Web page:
What Retail Slump? Lululemon Lifts Off With New Marketing

Powered by new products, investments in its website and its first global marketing campaign, Lululemon surprised the mopey retail world with strong sales results, with second-quarter revenue rising 13%.

The company says comparable-store sales climbed 7%, based on a 2% improvement in physical stores and a 30% jump in e-commerce. Even when factoring out the results of its online warehouse store, e-commerce rose 15%. Income from operations fell 7% to $68.7 million. The results came in better than analysts had expected.

In a conference call detailing the second-quarter performance, CEO Laurent Potdevin credited the Canadian company’s “This is Yoga” campaign launched last spring, reaching some 50 million guests. "Our performance reflects the growing global consumer response to Lululemon's unique position as the leading brand that defines an active, mindful lifestyle,” he says. Besides product innovations, which include the successful launch of the Enlite sports bra, it is also expanding its offering of yoga and meditation classes. “We are creating experiences that our guests, both existing and new, desire.”



It also says it will break a new campaign this fall for its ABC (anti-ball crushing) men’s franchise, first introduced last spring.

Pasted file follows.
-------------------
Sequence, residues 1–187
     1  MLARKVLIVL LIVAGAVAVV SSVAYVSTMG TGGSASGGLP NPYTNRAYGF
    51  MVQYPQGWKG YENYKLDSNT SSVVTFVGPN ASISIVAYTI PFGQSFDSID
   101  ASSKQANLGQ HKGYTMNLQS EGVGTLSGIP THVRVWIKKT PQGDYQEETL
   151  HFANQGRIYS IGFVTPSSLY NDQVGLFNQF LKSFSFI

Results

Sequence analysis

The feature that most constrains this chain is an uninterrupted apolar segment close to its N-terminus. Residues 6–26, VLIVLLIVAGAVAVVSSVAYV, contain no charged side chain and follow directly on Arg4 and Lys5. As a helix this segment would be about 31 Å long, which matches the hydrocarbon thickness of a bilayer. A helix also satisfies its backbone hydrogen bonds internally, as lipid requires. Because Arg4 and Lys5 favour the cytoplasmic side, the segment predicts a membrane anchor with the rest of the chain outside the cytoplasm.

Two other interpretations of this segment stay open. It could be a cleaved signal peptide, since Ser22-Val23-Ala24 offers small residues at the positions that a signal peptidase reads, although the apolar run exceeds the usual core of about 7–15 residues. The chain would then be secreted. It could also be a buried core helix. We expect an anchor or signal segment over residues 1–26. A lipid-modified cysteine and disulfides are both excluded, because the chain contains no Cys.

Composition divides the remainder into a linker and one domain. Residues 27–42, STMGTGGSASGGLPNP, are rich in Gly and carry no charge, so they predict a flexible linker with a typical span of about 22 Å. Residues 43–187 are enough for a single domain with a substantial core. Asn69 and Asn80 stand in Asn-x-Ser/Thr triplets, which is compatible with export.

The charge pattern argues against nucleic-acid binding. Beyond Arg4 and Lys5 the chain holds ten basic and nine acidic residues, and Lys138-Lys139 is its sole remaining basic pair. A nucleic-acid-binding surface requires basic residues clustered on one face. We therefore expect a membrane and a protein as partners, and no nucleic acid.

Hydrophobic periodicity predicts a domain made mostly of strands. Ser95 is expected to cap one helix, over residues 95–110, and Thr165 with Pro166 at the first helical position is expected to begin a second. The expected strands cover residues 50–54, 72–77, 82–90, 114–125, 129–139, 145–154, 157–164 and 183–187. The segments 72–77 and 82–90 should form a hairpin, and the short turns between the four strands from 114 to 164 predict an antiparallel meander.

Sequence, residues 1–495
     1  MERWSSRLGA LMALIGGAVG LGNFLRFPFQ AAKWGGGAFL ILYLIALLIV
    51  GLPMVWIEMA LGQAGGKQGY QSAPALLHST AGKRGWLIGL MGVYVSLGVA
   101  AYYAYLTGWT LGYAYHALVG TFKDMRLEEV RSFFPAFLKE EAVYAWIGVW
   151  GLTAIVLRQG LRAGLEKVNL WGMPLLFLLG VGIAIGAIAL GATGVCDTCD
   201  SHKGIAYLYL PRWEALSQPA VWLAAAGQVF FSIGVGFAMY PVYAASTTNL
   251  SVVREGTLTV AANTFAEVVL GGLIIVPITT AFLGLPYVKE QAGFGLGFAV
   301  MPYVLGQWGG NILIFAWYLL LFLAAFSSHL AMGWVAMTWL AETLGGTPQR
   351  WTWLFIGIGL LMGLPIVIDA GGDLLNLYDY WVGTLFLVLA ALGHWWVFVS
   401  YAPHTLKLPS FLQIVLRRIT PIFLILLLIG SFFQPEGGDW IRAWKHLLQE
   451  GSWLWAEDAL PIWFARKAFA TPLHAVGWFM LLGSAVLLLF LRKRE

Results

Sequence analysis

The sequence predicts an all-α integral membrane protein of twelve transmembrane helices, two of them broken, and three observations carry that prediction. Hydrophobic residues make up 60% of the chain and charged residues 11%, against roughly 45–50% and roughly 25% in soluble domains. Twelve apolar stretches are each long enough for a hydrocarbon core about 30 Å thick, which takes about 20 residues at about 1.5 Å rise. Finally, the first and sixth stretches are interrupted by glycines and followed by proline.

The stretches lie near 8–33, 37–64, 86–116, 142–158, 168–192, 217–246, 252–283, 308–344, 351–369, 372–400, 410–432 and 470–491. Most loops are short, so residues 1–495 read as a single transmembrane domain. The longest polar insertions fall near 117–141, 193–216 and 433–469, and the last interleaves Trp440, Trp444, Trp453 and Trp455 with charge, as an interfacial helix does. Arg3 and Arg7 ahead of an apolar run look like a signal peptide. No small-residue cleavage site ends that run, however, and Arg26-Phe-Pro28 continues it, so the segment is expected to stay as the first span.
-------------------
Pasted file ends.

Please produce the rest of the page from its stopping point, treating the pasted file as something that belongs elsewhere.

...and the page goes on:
And it upped the revenue forecast for the full year to $2.545 billion, with total comparable store sales expected to gain in the low single digits.

While it’s all good news for Lululemon’s comeback story, it’s also likely comforting to observers who have been watching athletic brands like Nike and Under Armour wrestle with slowing growth and retailers like Dick’s, Finish Line and Foot Locker struggle with the challenging retail environment.

And it’s evidence that the athleisure trend isn’t over, and that for now, Lululemon knows how to stand out from the schlock and avoid the price wars dogging other brands. “We cited a year ago that many fashion brands were rushing into athleisure to tap into the positive growth the category was experiencing at the time,” writes Matt Powell, sports industry analyst for NPD Group. “This has created a glut of brands that are making performance apparel when they have no history of making (or marketing) “performance apparel.” We predicted a bubble, and that bubble is bursting.”

Much of what retailers are offering “is uninspiring and tired,” he says. “Brands have not done a good job of creating compelling new products to ignite the market…When price is the sole motivator for purchase, retail is in trouble. Shopping in sports has never felt more joyless.”

Certainly, there’s plenty of joy at Lululemon: Enlite, the $98 sports bra it launched this quarter, is already a top-seller. But some analysts wonder how long Lululemon fans will be willing to pay such high prices. 

 “The company’ s strong pricing power appears to be under threat from a horde of new entrants and existing brands’ product extensions, including Gap’s Athleta, Urban Outfitters’ Without Walls, and Net-a-Porter’s Net-a-Sporter,” writes Bridget Weishaar, senior equity analyst for Morningstar. “Existing athletic apparel retailers have also begun to provide more technologically advanced apparel for women, including Nike, Adidas, and Under Armour. We think that this plethora of competition will result in pricing pressure, as consumers now have alternatives.”

She points out that the Luon yoga pant, for example, sells for $98, with some women’s tights costing as much as $148. A similar pant costs $69 at Athleta, or $45 at Nike.

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